The Future of Reaganism
Why American conservatism is alive and well in the 21st century.
Feb 7, 2011, Vol. 16, No. 20 • By JEFFREY BELL
Reagan was also the central figure in welcoming newly militant conservative Christians into the public square. When he did so in a Dallas speech just after his 1984 renomination, Democratic nominee Walter Mondale declared Reagan an “ayatollah.” Between 1976 and 1984, Democratic presidential support levels among evangelical Christians fell from around 60 percent to around 20 percent, according to media-financed exit polling. Reagan also made historic gains among Roman Catholic voters
In Western Europe and Japan, conservative leaders and most other established elites folded before the socio-political onslaught of the sexual revolution. The difference in the United States was not in the reaction of elites, but in the ability of Reagan and of social conservatives to mount a popular counterattack and keep the battle going. It is why the United States today has political polarization, and why Western Europe and Japan do not.
So in all three legs of the conservative stool—economics, foreign policy, and social issues—Ronald Reagan successfully refashioned American conservatism in a more populist direction. But in itself this does not prove that Reaganism is the basis of a viable, integrated conservatism in 2011. There appears to be no inherent reason, for example, why a supply-side advocate in the domestic economy would have to favor a forward democratic strategy against the rogues’ gallery of dictators and jihadists in today’s post-Cold War world.
A good place to start is to ask how Reagan himself saw the relationship of the three issue clusters. In his 2001 book Ronald Reagan and the Politics of Freedom, Claremont McKenna professor Andrew Busch made a count of how often recent presidents alluded to the American political tradition, centering on the founding. Reagan was far ahead of other elected presidents, mentioning such themes more than three times as often as his runner-up, Lyndon Johnson. (The unelected Gerald Ford mentioned founding-related matters almost as often as Reagan, an accident of his serving 40 percent of his presidency during the Bicentennial of 1976. According to Busch, Ford’s citations were perfunctory and superficial.)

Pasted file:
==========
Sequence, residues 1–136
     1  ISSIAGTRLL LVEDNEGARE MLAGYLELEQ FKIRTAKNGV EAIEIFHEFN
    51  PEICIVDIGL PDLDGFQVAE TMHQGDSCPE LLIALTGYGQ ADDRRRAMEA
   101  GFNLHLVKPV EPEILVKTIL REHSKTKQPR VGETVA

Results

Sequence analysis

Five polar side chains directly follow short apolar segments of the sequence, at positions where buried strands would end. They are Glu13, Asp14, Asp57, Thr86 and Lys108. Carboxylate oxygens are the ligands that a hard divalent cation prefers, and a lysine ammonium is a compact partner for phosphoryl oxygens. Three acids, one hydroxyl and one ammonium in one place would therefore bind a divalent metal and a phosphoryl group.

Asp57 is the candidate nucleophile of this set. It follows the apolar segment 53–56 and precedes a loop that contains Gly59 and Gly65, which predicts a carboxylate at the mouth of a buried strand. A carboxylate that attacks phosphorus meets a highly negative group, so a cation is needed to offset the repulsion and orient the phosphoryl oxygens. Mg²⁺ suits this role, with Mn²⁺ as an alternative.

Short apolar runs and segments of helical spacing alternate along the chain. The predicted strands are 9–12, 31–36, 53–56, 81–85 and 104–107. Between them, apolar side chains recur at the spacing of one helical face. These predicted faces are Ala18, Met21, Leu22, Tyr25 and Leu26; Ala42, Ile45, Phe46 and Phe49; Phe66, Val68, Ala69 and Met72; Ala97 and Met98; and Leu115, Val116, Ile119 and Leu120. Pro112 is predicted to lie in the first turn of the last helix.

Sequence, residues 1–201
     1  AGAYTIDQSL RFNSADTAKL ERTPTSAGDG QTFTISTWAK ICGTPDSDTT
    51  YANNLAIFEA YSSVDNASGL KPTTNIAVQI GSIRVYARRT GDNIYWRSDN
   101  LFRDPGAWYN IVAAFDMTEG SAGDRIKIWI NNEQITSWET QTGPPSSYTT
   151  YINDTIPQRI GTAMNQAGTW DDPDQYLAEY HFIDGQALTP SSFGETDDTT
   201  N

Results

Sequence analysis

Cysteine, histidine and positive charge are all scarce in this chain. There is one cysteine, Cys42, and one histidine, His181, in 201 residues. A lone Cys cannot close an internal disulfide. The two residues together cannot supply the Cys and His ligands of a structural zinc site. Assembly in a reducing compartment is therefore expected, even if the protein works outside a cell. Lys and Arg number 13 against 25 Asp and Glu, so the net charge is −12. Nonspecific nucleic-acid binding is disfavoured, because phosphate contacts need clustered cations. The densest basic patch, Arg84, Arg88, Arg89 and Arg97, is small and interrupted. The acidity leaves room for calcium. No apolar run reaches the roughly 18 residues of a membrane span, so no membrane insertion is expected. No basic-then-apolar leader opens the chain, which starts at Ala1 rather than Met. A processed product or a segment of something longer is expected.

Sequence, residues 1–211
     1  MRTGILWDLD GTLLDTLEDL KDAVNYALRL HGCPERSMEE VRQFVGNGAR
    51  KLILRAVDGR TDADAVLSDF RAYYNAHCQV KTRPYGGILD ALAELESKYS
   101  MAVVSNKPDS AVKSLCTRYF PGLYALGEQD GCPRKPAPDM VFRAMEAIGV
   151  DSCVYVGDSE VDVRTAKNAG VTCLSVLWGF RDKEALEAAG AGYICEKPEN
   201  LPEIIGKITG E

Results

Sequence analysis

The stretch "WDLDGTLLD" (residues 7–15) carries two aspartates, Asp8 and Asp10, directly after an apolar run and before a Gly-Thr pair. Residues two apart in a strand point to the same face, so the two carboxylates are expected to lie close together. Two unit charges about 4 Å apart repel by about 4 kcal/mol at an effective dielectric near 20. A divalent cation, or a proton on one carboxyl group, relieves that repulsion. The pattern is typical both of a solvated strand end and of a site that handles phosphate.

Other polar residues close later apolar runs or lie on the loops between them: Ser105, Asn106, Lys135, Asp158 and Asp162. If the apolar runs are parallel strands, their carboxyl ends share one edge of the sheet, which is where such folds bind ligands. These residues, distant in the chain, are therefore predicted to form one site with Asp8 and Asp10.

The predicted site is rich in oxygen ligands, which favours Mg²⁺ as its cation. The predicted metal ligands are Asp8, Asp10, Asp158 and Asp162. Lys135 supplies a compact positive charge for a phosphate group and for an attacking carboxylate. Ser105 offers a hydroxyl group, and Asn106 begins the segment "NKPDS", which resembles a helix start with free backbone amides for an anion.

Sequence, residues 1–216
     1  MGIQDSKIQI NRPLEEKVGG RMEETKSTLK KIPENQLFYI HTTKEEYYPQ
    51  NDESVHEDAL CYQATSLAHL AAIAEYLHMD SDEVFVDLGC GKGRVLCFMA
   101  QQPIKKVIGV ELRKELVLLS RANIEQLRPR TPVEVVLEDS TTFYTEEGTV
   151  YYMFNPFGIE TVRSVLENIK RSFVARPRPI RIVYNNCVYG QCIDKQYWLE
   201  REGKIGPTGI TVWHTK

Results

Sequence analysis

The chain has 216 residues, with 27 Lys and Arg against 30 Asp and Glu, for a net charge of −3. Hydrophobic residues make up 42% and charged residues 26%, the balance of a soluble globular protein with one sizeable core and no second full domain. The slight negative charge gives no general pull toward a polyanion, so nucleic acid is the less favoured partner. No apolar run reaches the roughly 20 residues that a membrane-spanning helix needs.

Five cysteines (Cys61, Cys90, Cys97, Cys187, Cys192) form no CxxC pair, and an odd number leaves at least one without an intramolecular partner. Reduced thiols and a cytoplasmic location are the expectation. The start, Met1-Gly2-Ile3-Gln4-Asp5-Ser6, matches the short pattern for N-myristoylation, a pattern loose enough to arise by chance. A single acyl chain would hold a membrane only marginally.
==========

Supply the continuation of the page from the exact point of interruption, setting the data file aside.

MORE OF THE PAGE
Reagan’s view of the American founding was central to his belief system. To him, American exceptionalism was not something in our mountains and streams. Like Jefferson and Lincoln, he believed that the United States is founded on an idea, the belief that all human beings are created equal, consistent with the laws of nature and of nature’s God.
If you believe this, you cannot be neutral about human rights abroad, any more than about the right of the unborn or the unfree here. Belief in the founding principle of God-given equal rights—not as a metaphor or sentiment, but as a reality—is the surest predictor of social conservatism in an individual or group. If you believe in that founding principle, you are probably a social conservative. If you don’t, you probably aren’t.
The rise of the Tea Party in the last two years vindicates Reagan’s belief in the founding as the center of American conservatism. The Tea Party’s focus on the size of government and the deficit is not a move away from social conservatism, but will increasingly be understood as a bringing of the normative politics of the founding to a new issue cluster where it belongs.
Social conservatism and the Tea Party, taken together, are making American conservatism less situational or event-driven than before. The Tea Party’s orientation to the values of the founding will keep it militant and robust even if the U.S. economy improves under the liberal stewardship of President Obama. If Obama and his fellow Democratic partisans believe economic improvement will make the Tea Party movement fade or disappear, they are likely to be disappointed.
So are those who believe Reaganism can safely be consigned to the past. It can’t be. The principles of the founding have reemerged at the center of the conservative movement. The vital political force fashioned by Ronald Reagan is alive and well.
Jeffrey Bell, policy director of the American Principles Project and author of a forthcoming book on social conservatism, was an issue adviser to the Reagan campaigns of 1976 and 1980.
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